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Tanya Woo sees support – and controversy – in bid for open Seattle Council seat

Tanya Woo
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Courtesy of the Tanya Woo campaign

Last fall, Chinatown International District activist Tanya Woo lost the race to represent South Seattle by a few hundred votes. Now, Woo’s bid to win the appointment to replace former Councilmember Teresa Mosqueda is gaining traction and generating controversy.

Last year, Woo campaigned on a pledge to improve public safety in South Seattle neighborhoods, like Little Saigon. She also promised to listen carefully to all voices in District 2’s diverse communities. But she was unable to unseat her progressive opponent, incumbent Tammy Morales, and lost by 1.55%.

RELATED: Sharp disagreements between Morales and Woo in Seattle Council race

After she lost, Woo’s supporters started floating her name for the open council job, with some pointing out that there are no Asian-American voices on the current city council.

That campaign started to bear fruit last Friday, when three city council members said Woo was their top choice. Then, Publicola reported about a leaked letter in which political insider Tim Ceis urged local business leaders to back Woo. The letter was directed to wealthy individuals who had spent millions on political ads last year to try and elect more business-friendly moderates, like Woo, to the Council.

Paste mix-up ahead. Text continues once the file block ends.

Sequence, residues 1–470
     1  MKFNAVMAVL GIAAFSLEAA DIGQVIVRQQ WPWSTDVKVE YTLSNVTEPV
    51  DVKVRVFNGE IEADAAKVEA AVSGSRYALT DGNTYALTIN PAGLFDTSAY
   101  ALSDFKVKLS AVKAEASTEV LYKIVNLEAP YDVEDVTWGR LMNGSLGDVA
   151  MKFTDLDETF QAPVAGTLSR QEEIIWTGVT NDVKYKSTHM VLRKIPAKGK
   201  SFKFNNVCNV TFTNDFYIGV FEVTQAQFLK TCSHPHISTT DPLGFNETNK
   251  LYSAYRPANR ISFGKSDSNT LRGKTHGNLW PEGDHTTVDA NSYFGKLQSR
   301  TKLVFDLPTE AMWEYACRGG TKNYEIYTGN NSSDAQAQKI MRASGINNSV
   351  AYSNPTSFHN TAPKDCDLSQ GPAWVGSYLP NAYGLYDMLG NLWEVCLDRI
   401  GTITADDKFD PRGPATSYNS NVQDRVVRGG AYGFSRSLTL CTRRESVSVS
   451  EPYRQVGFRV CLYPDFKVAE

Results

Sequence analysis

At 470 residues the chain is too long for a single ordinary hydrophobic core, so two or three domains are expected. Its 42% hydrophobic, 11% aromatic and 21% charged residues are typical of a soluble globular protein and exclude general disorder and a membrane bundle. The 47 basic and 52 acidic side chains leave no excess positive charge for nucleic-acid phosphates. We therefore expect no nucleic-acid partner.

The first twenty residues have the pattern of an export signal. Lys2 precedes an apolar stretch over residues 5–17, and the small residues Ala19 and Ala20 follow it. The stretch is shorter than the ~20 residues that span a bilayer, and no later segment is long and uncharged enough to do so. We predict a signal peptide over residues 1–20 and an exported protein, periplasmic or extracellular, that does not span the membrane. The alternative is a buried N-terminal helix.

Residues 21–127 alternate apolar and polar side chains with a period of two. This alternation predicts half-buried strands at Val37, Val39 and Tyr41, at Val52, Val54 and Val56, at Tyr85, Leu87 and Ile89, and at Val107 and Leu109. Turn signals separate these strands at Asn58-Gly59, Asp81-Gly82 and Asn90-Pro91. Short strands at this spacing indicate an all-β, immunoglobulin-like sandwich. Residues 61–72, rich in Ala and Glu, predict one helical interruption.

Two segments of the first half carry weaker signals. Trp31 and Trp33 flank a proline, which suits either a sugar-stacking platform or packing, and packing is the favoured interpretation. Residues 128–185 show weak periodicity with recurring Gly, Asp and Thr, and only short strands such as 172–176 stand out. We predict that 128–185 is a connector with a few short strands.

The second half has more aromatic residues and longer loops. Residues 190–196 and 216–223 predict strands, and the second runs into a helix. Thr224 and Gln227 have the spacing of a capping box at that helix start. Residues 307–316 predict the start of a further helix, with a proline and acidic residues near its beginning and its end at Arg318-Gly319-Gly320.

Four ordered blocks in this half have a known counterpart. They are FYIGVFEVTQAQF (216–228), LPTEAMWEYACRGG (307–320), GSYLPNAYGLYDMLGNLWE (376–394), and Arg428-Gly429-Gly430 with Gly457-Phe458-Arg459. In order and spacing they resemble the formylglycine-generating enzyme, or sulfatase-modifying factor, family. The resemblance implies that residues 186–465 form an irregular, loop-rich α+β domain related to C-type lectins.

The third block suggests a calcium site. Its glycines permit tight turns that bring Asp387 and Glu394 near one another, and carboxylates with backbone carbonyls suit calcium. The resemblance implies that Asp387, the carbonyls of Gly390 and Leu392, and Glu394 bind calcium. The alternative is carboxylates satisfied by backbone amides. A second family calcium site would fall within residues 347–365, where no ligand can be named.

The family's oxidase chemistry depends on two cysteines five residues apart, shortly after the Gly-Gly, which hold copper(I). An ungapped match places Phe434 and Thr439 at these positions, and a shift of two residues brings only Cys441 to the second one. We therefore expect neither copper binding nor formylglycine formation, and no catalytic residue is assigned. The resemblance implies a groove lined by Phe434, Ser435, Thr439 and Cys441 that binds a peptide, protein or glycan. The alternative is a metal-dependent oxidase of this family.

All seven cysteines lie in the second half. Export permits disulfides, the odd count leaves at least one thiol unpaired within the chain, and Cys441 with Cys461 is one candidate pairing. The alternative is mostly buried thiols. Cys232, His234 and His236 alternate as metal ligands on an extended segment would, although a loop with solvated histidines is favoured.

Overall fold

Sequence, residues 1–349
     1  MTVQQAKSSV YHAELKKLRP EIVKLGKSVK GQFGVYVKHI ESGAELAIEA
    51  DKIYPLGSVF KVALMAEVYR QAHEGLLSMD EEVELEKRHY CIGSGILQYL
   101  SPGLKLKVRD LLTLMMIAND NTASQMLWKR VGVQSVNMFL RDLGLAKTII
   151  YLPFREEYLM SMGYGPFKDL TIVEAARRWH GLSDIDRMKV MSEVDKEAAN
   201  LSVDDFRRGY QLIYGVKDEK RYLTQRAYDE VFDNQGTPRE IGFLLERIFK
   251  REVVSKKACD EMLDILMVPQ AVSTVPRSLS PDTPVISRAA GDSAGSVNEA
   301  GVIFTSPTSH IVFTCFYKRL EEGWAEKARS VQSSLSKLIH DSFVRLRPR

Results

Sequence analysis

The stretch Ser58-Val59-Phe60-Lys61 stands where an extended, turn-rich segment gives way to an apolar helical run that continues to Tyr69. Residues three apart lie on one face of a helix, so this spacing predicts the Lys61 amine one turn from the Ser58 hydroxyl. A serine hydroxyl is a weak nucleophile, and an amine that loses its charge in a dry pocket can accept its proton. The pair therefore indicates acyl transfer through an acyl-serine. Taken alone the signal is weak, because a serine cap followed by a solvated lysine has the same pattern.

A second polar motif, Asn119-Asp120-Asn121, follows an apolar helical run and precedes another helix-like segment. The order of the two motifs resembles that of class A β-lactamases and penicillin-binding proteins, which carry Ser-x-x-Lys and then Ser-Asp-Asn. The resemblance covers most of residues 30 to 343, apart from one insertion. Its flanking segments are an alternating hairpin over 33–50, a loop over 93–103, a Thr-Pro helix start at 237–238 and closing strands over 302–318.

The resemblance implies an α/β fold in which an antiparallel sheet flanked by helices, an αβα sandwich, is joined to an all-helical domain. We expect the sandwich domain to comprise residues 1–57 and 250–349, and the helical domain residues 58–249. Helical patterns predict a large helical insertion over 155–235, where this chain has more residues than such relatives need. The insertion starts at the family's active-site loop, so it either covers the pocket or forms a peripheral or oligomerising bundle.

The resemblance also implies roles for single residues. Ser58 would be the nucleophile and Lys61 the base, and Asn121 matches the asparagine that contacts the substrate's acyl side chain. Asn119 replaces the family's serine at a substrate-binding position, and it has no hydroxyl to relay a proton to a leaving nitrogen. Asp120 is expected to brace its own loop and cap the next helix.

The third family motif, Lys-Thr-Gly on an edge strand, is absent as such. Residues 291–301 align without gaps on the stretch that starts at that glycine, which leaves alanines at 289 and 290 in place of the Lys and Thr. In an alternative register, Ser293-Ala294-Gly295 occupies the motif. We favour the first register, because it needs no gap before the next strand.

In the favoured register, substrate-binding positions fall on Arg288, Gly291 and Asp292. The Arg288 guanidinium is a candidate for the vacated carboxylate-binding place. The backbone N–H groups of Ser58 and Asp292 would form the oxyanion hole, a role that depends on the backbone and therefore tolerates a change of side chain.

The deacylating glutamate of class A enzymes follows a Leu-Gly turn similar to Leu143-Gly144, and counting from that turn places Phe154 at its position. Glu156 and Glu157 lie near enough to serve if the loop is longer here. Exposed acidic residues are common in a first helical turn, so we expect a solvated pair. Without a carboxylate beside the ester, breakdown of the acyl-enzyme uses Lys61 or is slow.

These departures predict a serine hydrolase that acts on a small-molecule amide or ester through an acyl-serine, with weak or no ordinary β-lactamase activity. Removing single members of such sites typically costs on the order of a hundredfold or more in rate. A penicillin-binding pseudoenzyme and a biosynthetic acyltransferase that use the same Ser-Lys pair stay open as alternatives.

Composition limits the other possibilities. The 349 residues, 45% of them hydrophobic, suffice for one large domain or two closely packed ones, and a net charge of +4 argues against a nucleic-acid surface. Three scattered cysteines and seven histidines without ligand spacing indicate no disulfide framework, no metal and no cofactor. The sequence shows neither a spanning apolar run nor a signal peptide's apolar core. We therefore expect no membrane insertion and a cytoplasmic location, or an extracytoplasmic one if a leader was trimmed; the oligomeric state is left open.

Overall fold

“The independent campaign expenditure success earned you the right to let the Council know not to offer the left the consolation prize of this Council seat,” Ceis said.

That statement provoked criticism by some on social media.

"Tim Ceis continues to think he and his big corporate allies run this city regardless of what the public interest is or wants," wrote Robert Cruickshank on X.

Ceis also urged business donors to counter other lobbying efforts for the open seat.

“The building trades and the MLK Labor Council have started a campaign to get Vivian Song appointed … she endorsed left lane candidates like Ron Davis and Teresa Mosqueda,” Ceis said.

The council seat is a temporary position until the fall election when voters get to pick a permanent replacement. A total of 72 people applied for the at-large seat to replace Teresa Mosqueda, who moved on to a new job on the King County Council. On Friday, the Council narrowed the list to eight candidates who are now up for consideration — Woo and Song are among the eight.

  • Juan J. Cotto
  • Neha Nariya
  • Mark Solomon
  • Vivian Song
  • Steven K. Strand
  • Mari Sugiyama
  • Linh Thai
  • Tanya Woo

All eight will get a chance to make their case in a public hearing next Monday. The Council is then expected to appoint a Mosqueda replacement on Tuesday, Jan 23.

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